I recently decided to attempt to go back to the world of dating. Let me just say that it was short lived. I am not exactly sure what spurred the sudden onset of the thought of dating again. I thought I was ready. I was oh so wrong.
I have spent the last 4 1/2 years single by my choice. I took that time to be able to finish school successfully, to take time for me to figure out what it is I am looking for/want, to take the time to concentrate on my road to managing my illness, to basically take the time to work on myself. To begin the journey of learning to like myself again and learning to forgive myself.
I have learned a lot about myself since being diagnosed with Bipolar disorder. I have on numerous occasions sat and looked back on every relationship and everything I had done for reasons I did not understand at the time, some of which made me feel like I was a heartless monster. However, that is not the truth. I am not a heartless monster. Deep down I knew that then, just as much as I know it now.
So, this is what I have concluded thus far. Relationships while living with Bipolar 1 Disorder are hard. Very hard. Obviously this is from my standpoint though I am sure there are many others that stand with me.
Even though I have been single for quite some time, within that time I have randomly by chance met a couple good guys, who became good friends. I will not lie and tell you that I did have feelings for one of them. Quite strong feelings. But within 5 seconds those feelings vanished into thin air. Gone. Not coming back kind of gone. I am not sure why or how at this point but this was not the first time such a thing has happened. It has happened a few times. I really thought it was just me, that I was broken and incapable of maintaining such feelings. But thanks to Google, after the last disappearance of feelings, I learned I am not alone and I am not the only person on the planet who lives with Bipolar who this happens to. It was a great feeling to know it was not just me. Kind of a relief actually.
I am thankful that my most recent time in the world of dating did not get to this point, but I did hit a pretty big roadblock nonetheless.
I have worked hard to get to this point in my road to successfully managing my sickness. I sit here behind my computer screen and openly speak about my illness to anyone who reads my blogs. Three times a year I help out my past professors and our local United Way by sharing my life story and my struggles with mental health. I sit and talk to friends of my boys about mental illness and how it is okay to say, I am not okay. It is actually important to do so.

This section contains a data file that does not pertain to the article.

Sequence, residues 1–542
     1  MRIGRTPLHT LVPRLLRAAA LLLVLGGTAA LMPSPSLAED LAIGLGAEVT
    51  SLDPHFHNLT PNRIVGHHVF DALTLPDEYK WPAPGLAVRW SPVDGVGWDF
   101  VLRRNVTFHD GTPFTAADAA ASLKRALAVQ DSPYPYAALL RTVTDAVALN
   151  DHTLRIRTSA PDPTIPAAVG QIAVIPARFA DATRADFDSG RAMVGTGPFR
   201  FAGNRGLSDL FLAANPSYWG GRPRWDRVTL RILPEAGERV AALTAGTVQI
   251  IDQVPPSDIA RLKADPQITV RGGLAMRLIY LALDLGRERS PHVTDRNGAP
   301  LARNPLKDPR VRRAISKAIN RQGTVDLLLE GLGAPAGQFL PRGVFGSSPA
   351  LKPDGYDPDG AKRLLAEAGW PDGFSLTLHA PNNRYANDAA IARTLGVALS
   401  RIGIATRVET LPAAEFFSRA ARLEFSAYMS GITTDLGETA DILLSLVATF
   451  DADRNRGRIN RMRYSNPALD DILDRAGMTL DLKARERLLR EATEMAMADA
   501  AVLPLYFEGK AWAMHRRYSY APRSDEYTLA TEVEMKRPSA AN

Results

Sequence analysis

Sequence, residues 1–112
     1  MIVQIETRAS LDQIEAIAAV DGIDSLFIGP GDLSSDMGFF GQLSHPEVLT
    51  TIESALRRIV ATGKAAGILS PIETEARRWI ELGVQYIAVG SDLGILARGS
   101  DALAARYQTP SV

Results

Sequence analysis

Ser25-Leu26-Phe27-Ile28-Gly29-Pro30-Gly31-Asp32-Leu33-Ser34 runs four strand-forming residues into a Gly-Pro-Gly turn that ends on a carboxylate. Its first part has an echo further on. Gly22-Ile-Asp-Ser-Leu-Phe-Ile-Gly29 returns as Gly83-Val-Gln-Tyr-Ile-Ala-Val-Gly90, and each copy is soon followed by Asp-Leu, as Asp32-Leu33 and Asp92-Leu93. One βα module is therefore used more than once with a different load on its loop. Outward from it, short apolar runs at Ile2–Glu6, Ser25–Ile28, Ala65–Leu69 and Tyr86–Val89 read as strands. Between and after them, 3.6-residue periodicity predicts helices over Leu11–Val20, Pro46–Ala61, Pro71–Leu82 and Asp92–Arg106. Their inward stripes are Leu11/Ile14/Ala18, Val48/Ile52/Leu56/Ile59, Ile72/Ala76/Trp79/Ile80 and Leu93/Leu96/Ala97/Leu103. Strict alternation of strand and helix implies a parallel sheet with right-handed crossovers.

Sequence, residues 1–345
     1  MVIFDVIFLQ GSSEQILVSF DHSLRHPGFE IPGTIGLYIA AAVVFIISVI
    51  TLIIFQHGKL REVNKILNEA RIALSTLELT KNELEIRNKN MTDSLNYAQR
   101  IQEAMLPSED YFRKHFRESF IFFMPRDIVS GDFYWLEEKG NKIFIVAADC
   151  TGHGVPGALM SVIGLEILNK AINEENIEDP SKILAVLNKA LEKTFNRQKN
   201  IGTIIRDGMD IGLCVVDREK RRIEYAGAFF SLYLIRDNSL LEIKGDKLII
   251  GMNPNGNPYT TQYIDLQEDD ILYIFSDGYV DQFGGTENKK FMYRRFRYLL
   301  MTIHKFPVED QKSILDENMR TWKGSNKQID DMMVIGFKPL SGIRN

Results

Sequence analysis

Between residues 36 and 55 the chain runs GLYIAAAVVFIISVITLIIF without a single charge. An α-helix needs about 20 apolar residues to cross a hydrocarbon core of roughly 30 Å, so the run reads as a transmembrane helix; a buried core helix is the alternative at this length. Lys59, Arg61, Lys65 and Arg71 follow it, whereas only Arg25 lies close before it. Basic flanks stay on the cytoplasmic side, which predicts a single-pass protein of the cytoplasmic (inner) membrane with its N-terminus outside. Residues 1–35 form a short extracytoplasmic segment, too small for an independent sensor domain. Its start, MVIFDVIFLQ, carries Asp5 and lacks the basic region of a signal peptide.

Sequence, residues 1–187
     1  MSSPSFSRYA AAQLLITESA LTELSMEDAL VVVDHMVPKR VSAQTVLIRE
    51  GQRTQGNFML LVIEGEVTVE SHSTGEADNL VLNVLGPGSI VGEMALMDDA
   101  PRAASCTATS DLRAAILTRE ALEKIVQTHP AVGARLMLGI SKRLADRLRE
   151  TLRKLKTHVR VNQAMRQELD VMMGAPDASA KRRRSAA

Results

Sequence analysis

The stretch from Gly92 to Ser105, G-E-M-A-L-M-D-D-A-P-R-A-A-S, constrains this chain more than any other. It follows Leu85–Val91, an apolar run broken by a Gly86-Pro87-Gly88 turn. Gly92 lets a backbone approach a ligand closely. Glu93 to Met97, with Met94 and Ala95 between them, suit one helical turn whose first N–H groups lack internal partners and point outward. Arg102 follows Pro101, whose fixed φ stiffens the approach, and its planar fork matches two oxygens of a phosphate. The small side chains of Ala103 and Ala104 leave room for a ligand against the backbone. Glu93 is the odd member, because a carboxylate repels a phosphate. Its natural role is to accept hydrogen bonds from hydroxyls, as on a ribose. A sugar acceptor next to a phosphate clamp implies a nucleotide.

Despite all my hard work, and despite all the battles I have faced and won to this point, I could not do it. I could not tell anyone I was speaking to while online dating why I was sick and not working. I wanted to but I feared their reaction. Oddly, it was not their reaction to me having Bipolar 1 that scared me, it was their reaction to my source of income at this time that had me on edge. I did not have it in me to tell them I am sick enough that I was approved for ODSP. For the first time in a long time I felt ashamed. I felt unworthy and I felt that they deserved someone better. I was not prepared for this.
So, where does that leave me? Should I feel ashamed I am on ODSP? No, no I should not. At this time it is what is best for me. Should I feel unworthy? Nope. Should I feel they deserve someone better than me? Again, no I should not because I know I am a great person. But, as I said, where does that really leave me? It leaves me going back to my drawing board. It leaves me taking on a different aspect of how the stigma towards those on any form of social assistance can affect those with mental illnesses. It leaves me with another battle to overcome and fight. I am sick, not weak.
About Karen M. Thompson
Michelle is a 2014 graduate of the Child and Youth Care Program at Loyalist College. During her time in the program she got to take many courses on Mental Health/Mental Illnesses. While she was learning academically, she was also learning quite a lot about herself as well. It was during this time when her mental health struggles became noticeable to herself and those around her. She had struggled from her mid-teens to her late 30's never quite knowing what was the root cause. In August of 2015 she was diagnosed with Bipolar Disorder 1. Michelle has now found a passion for telling her life story and struggles to educate students in hopes that by doing so they will have the knowledge and power to help put a stop to the stigma that affects so many with mental health issues.